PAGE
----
Although Governor Stitt is politically conservative and has done a pretty good job so far of controlling the temptation to spend more money at the state level, there is one area where he appears to wish to considerably increase spending. The Governor is a staunch supporter of tax subsidies and cash incentives for businesses, otherwise known as corporate welfare. One prominent example is the state’s Quick Action Closing Fund. Last year, the governor asked the legislature for an additional $20 million infusion, and they obliged. The Quick Action Closing Fund was first created in 2011 as a means for then-Governor Fallin to dangle grants as lures for companies to locate and expand in Oklahoma. One way the closing fund’s creation was justified had to do with other states having similar funds, supposedly putting states without them at an economic disadvantage.

According to a recent article in The Oklahoman, Governor Stitt has spent from the closing fund at about the same rate as Fallin, but he has spent the money differently. Stitt’s spending has generally been spread out to more companies at smaller amounts. But recently, a $1.2 million grant was made to Limco Airepair and a $0.75 million grant was made to Prairie Surf Media. The first grant requires the company to make 200 hires with average annual salaries of almost $72,000 in 7 years. The second grant is to help renovate the Cox Center for video production studios with the promise of 10 new jobs averaging $100,000 in salary.

So let’s get this straight. Tax money collected from sales and income taxes across the state, including that collected from a kid who mows lawns to help the family by buying his own clothes, is being used to subsidize salaries between 32 and 92 percent higher than the average Oklahoma household’s income? Does anybody else see anything wrong with this?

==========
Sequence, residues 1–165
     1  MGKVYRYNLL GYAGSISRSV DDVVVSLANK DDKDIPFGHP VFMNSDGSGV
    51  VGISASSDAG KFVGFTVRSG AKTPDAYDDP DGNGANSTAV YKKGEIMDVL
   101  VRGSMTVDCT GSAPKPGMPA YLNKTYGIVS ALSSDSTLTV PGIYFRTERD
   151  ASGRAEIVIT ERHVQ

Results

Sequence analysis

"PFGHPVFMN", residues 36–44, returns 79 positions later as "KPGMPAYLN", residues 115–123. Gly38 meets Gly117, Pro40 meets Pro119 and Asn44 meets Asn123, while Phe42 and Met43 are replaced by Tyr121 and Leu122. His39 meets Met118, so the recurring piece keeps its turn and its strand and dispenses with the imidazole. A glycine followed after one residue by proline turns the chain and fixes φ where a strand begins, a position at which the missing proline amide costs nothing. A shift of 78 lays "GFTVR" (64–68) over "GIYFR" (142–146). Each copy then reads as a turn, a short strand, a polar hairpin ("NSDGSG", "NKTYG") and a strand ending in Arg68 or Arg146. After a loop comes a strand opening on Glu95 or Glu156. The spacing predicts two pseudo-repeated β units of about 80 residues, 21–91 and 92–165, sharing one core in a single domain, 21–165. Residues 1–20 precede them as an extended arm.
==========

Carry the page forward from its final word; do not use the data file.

No doubt, in Governor Stitt’s mind, in the minds of some business leaders, and in the minds of politicians in states across the country, the Quick Action Closing Fund and a number of similar corporate welfare subsidy and tax privilege schemes are a way to stimulate economic growth. But, it is simply not the job of elected politicians, no matter their backgrounds, to decide that it’s appropriate for poorer taxpayers to subsidize the jobs of richer ones.

There is a book by two Ivy League economists called Why Nations Fail wherein they contrast inclusive economic institutions to what they call extractive economic institutions. Inclusive institutions include the basics that the United States generally gets right, things like secure private property rights, basic regulation to prevent fraud, decent public infrastructure, and law and contract enforcement. Extractive institutions are those created by elites to preserve their elite, top-of-the-pyramid status. They’re the institutions that can best be described as those where people who’ve reached the top pull up the ladder behind them. These institutions include occupational licensing, excessive regulation that big businesses can handle but small ones can’t, land regulations that create scarcities and increase the wealth of current landowners, and yes, subsidies like the Quick Action Closing Fund.

Silly subsidies like the closing fund’s close cousin, the Quality Jobs programs, and tax privileges like the now-repealed but ongoing wind energy tax credits, are not so large compared to Oklahoma’s economy that they can turn Oklahoma into an impoverished banana republic. However, they are exactly the kinds of policies that keep banana republics today banana republics tomorrow. Frankly, the notion that politicians, even former mortgage bankers, or bureaucrats have the knowledge and foresight to beneficially speculate with taxpayer funds is absurd. And that’s all the closing fund and other programs like it do; they put politicians and bureaucrats, who suffer no personal losses if their speculations go awry, in charge of making speculative “investments” in private companies. And in the process, they extract from the unprivileged masses while giving to the privileged few.

The Quick Action Closing Fund is “reverse Robinhood,” it’s not “economic development,” and it’s not “competing.” Let’s call it what it is – thievery. And as in any situation where thievery becomes condoned and accepted, the net result for everyone is negative, not positive. Believing otherwise is just to kid ourselves into thinking something is being accomplished. 

Byron Schlomach is Director of the 1889 Institute and can be reached at [email protected].

The opinions expressed in this blog are those of the author, and do not necessarily reflect the official position of 1889 Institute.